To address some odd concerns about differences between DUnit and Smoketest, I thought it would be useful to demonstrate how it is entirely within the gift of a Smoketest user to create their own “comfort” layer, to make using Smoketest more similar to the DUnit framework if they wish (though why in that case they wouldn’t simply use DUnit, I can’t quite fathom. But still).
vs and Inheritance
The great thing about Delphi is that when a class implements an interface any derived classes inherit that implementation. Even better, if you implement the interface methods virtually, then those derived classes can override the implementation without having to redeclare the interface.
So, if you really don’t like the idea of declaring and implementing interfaces to provide Setup and Cleanup methods on TTestCase derived classes you have a very simple remedy:
Implement your own class from which to derive your test cases and have this provide default, no-op, virtual implementations of these framework hooks, just as the DUnit test case base class does for the virtual methods it relies on.
If it really bothers you that much, you can even take this opportunity to replace the framework Cleanup method with a virtual TearDown method in it’s stead.
Heck, if you really want to write CheckEquals() for your test and then describe it separately, you can even provide that in your DUnit comfortable compatibility class. You can even have the CheckEquals() method always “fail early”, just like DUnit.
You might end up with something like this:
type TDUnitTestCase = class(TTestCase, ISetupTestCase, ICleanupTestCase) protected procedure Setup; virtual; procedure Cleanup; procedure TearDown; virtual; procedure CheckEquals(aResult: Boolean; aMsg: String = ''); end; procedure TDUnitTestCase.Setup; begin // NO-OP - just like mother used to make end; procedure TDUnitTestCase.Cleanup; begin TearDown; end; procedure TDUnitTestCase.TearDown; begin // NO-OP - the comfort of the familiar end; procedure TDUnitTestCase.CheckEquals(aResult: Boolean; aMsg: String); begin Test(aMsg).Expect(aResult).IsTRUE.IsShowStopper; end;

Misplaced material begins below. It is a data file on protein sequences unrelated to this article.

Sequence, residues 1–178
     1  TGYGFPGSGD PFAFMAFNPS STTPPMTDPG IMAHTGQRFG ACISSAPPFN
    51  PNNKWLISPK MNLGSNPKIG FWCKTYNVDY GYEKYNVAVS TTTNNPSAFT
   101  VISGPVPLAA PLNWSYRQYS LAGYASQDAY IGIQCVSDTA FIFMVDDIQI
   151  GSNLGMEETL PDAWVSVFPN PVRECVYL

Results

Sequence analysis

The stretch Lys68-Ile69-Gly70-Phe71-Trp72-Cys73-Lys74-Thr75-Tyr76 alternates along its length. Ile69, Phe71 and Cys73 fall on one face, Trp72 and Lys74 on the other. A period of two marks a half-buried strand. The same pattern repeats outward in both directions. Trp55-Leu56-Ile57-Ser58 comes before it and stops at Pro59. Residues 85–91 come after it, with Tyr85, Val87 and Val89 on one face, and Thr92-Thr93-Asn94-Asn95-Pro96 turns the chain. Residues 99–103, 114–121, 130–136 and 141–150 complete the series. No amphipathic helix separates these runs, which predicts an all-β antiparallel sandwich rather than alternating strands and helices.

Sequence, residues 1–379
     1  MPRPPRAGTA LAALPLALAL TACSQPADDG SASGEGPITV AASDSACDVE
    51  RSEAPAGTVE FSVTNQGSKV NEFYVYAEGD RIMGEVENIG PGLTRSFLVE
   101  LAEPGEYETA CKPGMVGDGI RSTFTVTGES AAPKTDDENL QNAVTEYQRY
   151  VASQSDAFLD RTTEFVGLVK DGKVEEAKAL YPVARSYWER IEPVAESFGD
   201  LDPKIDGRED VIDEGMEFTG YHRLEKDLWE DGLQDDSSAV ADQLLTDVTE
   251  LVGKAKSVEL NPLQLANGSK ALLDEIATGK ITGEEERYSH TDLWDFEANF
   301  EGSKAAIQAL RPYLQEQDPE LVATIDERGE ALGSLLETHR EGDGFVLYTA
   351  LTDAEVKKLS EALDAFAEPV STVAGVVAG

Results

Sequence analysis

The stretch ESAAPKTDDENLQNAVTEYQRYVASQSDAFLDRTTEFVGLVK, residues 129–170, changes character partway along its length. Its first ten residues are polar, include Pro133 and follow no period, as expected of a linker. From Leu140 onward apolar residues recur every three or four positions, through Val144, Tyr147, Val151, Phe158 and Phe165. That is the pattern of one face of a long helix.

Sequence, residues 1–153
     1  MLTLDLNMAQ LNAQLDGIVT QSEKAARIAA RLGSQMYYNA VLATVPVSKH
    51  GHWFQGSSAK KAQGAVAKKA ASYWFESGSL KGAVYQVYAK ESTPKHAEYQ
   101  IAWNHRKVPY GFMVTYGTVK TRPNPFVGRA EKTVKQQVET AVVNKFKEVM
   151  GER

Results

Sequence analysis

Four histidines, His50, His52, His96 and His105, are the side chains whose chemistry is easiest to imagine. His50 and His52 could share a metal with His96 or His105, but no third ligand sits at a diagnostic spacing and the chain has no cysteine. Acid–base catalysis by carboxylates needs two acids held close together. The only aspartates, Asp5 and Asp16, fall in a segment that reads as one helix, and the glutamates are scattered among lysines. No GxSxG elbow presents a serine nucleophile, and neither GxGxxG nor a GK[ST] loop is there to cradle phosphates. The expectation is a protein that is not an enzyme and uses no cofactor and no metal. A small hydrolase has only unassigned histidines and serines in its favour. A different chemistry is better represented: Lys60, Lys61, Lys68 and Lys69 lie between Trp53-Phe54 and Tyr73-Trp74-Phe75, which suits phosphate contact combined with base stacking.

You could even implement the same pattern for the project and method specific setup and cleanup hooks. DUnit doesn’t have these so doesn’t provide a “specification” to comply with in this area, but you would presumably choose to follow the same virtual method pattern that DUnit adopts for the test case setup/teardown.
Why Not Just Copy DUnit ?
Some people don’t seem to understand why I didn’t simply mindlessly copy DUnit, thus making such adaptations unnecessary.
The thing is, I didn’t implement Smoketest with compatibility with DUnit in mind. Quite the opposite. I didn’t like the way DUnit worked! Little wonder then that Smoketest works differently!
I like to think however that the approach I took demonstrates it’s benefits no more obviously than when considering the ease with which it is possible to build such alternative API’s on top of the framework without having to resort to modifying the framework itself.
I imagine – though I have not tried – that you could even contrive to make such a compatibility layer so seamless and complete that an existing DUnit project would compile directly against Smoketest with only the slightest of changes, primarily around not having to explicitly state which “runner” you are using, since in Smoketest this is governed by the project compiler settings/directive directly (console vs GUI app) without the need for parallel changes to the project source code.
In the case of DUnit, it was impossible to achieve the changes in the test writing experience that I desired; you cannot reduce the visibility of inherited members, so with any pattern that relies on visibility of certain inherited class members you are stuck with the choices made in the implementation of the base class.
Smoketest doesn’t paint you into this particular corner.
For people – such as myself – who don’t like DUnit, Smoketest exists precisely to offer a choice. A choice albeit initially only I was making (in the sense of deciding how my preferred alternative would work differently).
If someone doesn’t like the choices I made it seems to me they themselves have a choice: They can – with a modicum of thought and a minimum of effort – add a layer of comfort that they will find acceptable. Or they can choose simply not to use Smoketest.
I would not presume to tell them what choice they should make.